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Our Investment in Living Carbon
Developing trees that capture & store more carbon
Likened to Earth’s natural air purifiers, trees represent the most cost-effective means of carbon sequestration and one of the key solutions to addressing climate change. In the U.S. alone, forests capture an estimated 15% of CO2 emissions, equivalent to the annual emissions from 163 million cars. Climate scientists have argued that global reforestation — on the order of an additional 2.5 billion acres — could sequester 200 gigatons of carbon and, potentially, absorb as much as two-thirds of historic emissions. While trees represent a feasible means of blunting the advance of climate change, there are a spate of threats that endanger their existence. We’ve previously written about how forest fires are becoming more frequent and intense. Coupled with climate-induced drought and pest infestation, these causes of mass tree destruction — amounting to an estimated 25 million acres per year — can result in a forest releasing more carbon than it absorbs. In order to mitigate the climate-related consequences of forest destruction, trees need to absorb more atmospheric emissions and slow their decomposition (and the resulting release of CO2).
Living Carbon, based in San Francisco, California, is working to achieve this by bioengineering trees that have these enhanced properties. The team has honed proprietary techniques to develop seeds that — like an environmental superhero in a comic book — are imbued with abilities that enhance their durability, resistance to decay, and carbon sequestration. The benefit of these “super trees” are forests that capture and store more carbon. We’re very excited to announce our investment in Living Carbon, founded by CEO Maddie Hall and CTO Patrick Mellor (inaugural guests of our MCJ Startup Series), whose team is working to address climate change by developing the trees of tomorrow.
What is Living Carbon?
You can learn more about Living Carbon from Maddie and Patrick’s 2020 Startup Series interview.
Living Carbon is a biotech company that is engineering faster-growing, more durable trees that benefit both the climate and landowners. Utilizing genetic engineering, it has developed techniques that enhance a process found in nature, known as hyperaccumulation, that allows for trees to absorb metals, like nickel and copper, from soil. The metals not only augment the durability of the wood from the tree, but also serve as a fungicide slowing decay. These properties ensure a reduction in CO2 release when the tree dies and is used as wood. In addition, the company applies a genetic modification that enhances photosynthesis by improving upon the breakdown of one of the toxins produced by that process. In doing so, trees conserve more energy which enables them to capture more CO2. The team has shared their research results demonstrating that photosynthesis enhanced trees can capture more carbon dioxide due to a faster growth rate and accumulation of 53% more biomass.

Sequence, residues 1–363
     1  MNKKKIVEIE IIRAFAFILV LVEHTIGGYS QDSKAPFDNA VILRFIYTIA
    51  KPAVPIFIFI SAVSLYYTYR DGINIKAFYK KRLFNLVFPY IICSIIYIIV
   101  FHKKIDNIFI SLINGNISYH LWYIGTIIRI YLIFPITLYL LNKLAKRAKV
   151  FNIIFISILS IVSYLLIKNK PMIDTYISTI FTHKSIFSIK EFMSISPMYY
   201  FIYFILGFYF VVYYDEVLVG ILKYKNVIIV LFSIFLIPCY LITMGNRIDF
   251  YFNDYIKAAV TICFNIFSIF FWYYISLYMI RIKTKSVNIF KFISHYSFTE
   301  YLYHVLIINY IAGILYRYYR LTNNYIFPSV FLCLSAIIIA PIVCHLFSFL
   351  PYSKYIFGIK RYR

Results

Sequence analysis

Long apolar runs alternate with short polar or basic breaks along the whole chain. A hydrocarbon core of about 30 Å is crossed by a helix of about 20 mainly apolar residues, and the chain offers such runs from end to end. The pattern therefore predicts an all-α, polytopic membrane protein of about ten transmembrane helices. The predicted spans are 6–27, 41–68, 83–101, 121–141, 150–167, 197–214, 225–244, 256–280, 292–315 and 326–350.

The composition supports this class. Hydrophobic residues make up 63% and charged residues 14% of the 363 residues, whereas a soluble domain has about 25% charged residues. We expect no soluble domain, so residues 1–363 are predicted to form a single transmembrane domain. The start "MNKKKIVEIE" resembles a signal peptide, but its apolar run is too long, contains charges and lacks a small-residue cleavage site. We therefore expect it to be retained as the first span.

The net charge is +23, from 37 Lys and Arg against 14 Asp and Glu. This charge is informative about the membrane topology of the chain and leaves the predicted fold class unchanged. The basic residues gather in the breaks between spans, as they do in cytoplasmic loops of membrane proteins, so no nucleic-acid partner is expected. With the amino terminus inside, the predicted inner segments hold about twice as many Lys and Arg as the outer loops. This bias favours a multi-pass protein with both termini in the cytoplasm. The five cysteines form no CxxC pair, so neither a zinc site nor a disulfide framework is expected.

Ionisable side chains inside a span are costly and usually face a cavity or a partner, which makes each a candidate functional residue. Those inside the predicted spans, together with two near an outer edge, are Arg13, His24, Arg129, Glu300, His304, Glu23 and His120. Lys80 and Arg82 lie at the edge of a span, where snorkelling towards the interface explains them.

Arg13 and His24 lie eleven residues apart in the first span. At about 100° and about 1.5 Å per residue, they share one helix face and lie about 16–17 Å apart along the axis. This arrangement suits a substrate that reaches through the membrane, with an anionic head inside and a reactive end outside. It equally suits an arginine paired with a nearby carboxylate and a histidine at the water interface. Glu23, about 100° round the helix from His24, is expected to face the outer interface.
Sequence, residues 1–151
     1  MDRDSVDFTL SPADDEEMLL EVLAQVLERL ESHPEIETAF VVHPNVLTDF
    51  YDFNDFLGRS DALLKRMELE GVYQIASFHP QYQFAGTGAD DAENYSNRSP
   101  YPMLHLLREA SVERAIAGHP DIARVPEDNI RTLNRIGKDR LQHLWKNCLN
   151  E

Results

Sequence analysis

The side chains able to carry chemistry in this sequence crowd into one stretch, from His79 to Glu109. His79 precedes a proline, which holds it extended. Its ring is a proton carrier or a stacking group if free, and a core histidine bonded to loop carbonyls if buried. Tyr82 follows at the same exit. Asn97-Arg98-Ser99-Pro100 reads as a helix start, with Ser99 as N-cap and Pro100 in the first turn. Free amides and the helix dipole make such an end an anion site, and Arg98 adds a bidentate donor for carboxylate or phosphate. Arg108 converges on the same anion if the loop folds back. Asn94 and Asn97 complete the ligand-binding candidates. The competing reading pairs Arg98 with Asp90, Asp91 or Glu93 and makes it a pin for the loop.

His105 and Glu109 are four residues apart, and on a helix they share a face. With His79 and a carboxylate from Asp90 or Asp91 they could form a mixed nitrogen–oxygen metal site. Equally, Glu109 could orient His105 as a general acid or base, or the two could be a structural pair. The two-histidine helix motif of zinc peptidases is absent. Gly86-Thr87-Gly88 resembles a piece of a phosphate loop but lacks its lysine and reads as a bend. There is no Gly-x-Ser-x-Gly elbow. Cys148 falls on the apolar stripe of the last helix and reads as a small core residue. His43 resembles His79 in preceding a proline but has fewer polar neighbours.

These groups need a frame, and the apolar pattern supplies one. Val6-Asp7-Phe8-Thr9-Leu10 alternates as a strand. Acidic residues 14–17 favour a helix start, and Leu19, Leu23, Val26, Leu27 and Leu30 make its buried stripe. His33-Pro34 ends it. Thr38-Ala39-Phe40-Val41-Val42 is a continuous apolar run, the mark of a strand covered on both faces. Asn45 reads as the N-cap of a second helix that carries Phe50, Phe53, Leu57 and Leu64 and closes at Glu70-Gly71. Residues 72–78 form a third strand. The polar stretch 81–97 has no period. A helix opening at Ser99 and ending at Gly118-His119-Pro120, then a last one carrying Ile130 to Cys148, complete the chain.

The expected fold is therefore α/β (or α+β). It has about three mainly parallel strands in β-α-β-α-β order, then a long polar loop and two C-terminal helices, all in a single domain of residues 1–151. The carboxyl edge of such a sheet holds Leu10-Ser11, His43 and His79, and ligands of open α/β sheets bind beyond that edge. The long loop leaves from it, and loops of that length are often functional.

Living Carbon’s business model is initially based on the sale of its genetically-enhanced seedlings, typically to private landowners who may commercialize them for lumber. In addition, the company envisions generating carbon credits, which can be sold to a host of ready corporate or individual buyers. Living Carbon trees are able to capture more carbon with less acreage, and can also thrive on underperforming and degraded land (such as land where abandoned mines are situated) with otherwise toxic heavy metal concentrations.
Why Did We Invest?
Compelling Founder-Market Fit
The background and skill sets of the Living Carbon team reflect a complementary fit of science and commercialization. As CEO, Maddie Hall brings a number of years spent in product management and startup investing and has demonstrated incredible leadership in guiding the company through major milestones. CTO Patrick Mellor has a background in paleobiology and botany and offers deep insight into plant genetics. They have recruited additional talent including Yumin Tao, who has spent over a decade at DuPont and serves as VP of Biotechnology, and Jake Cacciapaglia, who has led business development in the biotech sector (and was previously a longtime colleague of Jason’s at RunKeeper!) and is now Head of Commercialization.
The founders originally met at a conference in 2019, where each discovered what the other was working on – Maddie was exploring photosynthesis enhancement and Patrick was working on decomposition resistance. They quickly realized that their respective areas of focus made for a compelling opportunity to combine forces around tackling climate change.
Creating a Biotech Platform for Climate Impact
Living Carbon offers more than just trees better suited at sequestering carbon. Its bioengineering methods serve as a platform that can enhance a range of different plant species (e.g. pine, switchgrass, algae, moss) by making them more efficient and resilient. Moreover, lumber products, like furniture, lock away carbon in woody forms and currently represent an offset of just 1% of annual global emissions. Living Carbon sees an opportunity to expand this share of carbon capture through its technology while delivering higher-quality wood products to industry.
Trees are a fundamental solution to solving the climate crisis, and Living Carbon’s genetic enhancements serve to fortify its impact. While there’s a long journey to go from the lab bench to forest-scale deployment, the company has made major inroads and is quickly demonstrating its potential to serve as a transformational solution to climate change.
If you are an accredited investor and want to learn more about being an investor in our fund (to back more great companies like this one!), reach out here, and include desired quarterly commitment level, accredited investor status, and info on your background and how you could be helpful to the portfolio.